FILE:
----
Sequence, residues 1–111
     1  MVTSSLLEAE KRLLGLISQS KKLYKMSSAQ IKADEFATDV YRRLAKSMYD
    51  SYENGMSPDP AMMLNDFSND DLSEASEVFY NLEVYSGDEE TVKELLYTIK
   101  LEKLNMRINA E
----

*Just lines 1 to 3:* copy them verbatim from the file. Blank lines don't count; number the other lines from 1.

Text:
Sequence, residues 1–111
     1  MVTSSLLEAE KRLLGLISQS KKLYKMSSAQ IKADEFATDV YRRLAKSMYD
    51  SYENGMSPDP AMMLNDFSND DLSEASEVFY NLEVYSGDEE TVKELLYTIK